The Tech - Online EditionMIT's oldest and largest
newspaper & the first
newspaper published
on the web
Boston Weather: 58.0°F | Light Rain Fog/Mist
Article Tools

Although 659 people have preregistered for Introductory Biology (7.013), only 566 seats are available in the 26-100 lecture hall where the subject will be taught. Students who cannot fit in 26-100 will still be able to see the lecture via a live video stream shown in 4-370. A course instructor and teaching assistants will be in the overflow room to answer students’ questions.

Tyler E. Jacks, one of the two lecturers for 7.013, said that he has taught the subject five or six times before, and that in the past it has attracted about 500 students.

One cause of the subject’s unusual popularity may be that two other introductory biology classes, 7.014 and 7.015, will not be offered this spring. 7.014 is usually offered every semester, but it is not being taught in 2007–2008. The Biology Department also announced in November 2007 that 7.015 would not be taught in the spring.

Another factor which may explain the increased enrollment in 7.013 is that the Department of Biology no longer gives credit for 7.012 to students who scored a 5 on the Advanced Placement Biology exam. The General Institute Requirements, MIT’s core curriculum, require a student to have credit for any one of the introductory biology classes 7.012, 7.013, 7.014, or 7.015.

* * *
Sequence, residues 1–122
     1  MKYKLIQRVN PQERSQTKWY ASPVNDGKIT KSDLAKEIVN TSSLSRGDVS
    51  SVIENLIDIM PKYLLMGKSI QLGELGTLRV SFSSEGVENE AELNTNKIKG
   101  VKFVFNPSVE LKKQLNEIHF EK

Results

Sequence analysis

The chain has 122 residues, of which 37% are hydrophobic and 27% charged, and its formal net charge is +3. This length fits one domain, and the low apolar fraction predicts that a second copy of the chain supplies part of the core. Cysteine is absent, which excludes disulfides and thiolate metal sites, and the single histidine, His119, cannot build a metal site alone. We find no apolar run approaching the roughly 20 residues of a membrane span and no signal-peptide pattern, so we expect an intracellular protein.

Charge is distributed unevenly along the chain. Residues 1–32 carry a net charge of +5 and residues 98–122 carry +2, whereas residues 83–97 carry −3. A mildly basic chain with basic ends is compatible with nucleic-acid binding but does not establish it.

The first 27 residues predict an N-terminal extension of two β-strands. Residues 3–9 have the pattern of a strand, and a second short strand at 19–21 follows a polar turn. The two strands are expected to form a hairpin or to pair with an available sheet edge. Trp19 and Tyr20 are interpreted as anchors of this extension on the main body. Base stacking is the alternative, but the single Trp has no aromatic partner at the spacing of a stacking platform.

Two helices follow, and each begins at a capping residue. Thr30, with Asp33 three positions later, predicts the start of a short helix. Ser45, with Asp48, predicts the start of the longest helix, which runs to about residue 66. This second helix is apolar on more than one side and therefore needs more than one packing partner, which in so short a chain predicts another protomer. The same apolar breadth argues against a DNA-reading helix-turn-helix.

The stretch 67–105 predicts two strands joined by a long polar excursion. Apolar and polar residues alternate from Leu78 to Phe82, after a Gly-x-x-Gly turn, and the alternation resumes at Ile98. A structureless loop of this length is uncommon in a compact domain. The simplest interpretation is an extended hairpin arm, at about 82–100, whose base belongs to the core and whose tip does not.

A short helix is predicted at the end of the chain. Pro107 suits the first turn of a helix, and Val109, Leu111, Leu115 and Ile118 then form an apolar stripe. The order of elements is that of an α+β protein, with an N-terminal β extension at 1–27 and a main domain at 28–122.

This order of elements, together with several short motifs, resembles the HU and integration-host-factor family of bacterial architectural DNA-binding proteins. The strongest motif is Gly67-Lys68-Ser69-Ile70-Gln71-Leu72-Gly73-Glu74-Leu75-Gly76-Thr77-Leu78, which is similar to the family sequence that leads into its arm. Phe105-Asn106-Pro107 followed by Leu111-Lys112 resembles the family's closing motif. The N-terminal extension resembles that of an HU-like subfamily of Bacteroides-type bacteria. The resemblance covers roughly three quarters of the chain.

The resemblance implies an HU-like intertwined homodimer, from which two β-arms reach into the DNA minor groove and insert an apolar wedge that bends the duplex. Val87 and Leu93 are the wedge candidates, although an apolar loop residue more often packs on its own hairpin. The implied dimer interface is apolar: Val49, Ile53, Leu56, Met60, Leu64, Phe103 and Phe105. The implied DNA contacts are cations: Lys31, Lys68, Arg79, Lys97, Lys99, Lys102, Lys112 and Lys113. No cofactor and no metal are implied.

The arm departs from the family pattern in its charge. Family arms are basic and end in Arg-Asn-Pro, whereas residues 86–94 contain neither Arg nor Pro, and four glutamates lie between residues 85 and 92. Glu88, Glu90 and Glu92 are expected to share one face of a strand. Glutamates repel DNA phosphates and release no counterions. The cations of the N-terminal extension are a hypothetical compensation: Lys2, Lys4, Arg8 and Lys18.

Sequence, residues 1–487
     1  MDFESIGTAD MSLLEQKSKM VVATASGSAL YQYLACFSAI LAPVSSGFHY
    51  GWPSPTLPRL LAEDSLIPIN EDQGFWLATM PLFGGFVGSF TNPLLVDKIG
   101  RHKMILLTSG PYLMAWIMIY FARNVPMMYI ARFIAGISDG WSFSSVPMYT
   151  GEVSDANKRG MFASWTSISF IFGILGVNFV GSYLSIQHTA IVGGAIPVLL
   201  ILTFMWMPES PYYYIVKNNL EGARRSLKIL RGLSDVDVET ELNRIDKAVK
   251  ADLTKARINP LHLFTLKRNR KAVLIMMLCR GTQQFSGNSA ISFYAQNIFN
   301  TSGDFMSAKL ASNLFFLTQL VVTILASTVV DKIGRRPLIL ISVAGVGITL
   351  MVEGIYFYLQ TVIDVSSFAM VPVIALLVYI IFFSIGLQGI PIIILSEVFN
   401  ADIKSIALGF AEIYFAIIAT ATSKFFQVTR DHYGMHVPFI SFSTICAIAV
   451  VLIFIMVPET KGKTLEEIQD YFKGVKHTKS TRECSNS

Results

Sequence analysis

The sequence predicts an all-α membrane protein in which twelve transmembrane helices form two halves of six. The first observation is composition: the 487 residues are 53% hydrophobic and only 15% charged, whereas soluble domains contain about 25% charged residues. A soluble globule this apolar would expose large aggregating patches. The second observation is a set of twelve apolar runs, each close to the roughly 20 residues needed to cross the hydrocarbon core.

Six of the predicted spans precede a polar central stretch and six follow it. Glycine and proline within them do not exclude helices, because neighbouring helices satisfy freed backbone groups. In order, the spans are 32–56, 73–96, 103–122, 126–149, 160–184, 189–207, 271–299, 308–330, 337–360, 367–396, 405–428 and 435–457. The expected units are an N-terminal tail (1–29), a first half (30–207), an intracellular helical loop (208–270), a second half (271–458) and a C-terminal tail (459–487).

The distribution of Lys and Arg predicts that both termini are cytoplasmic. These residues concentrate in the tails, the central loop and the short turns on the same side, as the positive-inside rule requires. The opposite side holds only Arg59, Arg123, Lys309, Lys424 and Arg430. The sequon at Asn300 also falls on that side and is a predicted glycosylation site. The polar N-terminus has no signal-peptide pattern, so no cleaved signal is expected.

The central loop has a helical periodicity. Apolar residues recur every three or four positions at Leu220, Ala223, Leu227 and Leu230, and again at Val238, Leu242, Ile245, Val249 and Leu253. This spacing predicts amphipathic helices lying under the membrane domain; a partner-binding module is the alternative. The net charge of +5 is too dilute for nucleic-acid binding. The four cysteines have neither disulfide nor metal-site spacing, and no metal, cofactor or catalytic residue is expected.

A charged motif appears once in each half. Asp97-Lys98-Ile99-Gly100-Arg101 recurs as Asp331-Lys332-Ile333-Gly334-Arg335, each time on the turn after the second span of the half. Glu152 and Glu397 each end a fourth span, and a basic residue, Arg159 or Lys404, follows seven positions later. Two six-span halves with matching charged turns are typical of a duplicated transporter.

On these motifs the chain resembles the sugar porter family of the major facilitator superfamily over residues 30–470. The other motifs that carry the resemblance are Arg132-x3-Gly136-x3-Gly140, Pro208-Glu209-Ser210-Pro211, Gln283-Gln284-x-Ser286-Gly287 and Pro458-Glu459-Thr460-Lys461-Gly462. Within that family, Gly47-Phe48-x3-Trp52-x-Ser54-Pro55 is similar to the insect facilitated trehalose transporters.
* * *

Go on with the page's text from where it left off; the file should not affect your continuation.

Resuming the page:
About one-fourth of the Class of 2009 received AP credit that satisfied the GIR biology requirement. The Class of 2011 was the first which did not receive AP credit, although about sixteen members of the class received biology credit last fall by taking an Advanced Standing Exam.

Jacks said that about 75 percent of those enrolled in the subject are freshmen. Not all students come to the class well prepared, Jacks said; while many students have an extensive biology background, others are seeing the material for the first time in years.

“The importance of biology in everyday life makes this an important course,” said Jacks. He said the subject will prepare students to understand new developments in biology: “Stem cells, cloning, recombinant DNA technology, the genome revolution — all of these things that you read about in the newspaper every day.”

Jacks said that with two lecturers, two course instructors, and about a dozen teaching assistants, the subject should be ready to handle the extra students.

“It’s gonna’ be historic, but I think we’ll do fine,” he said.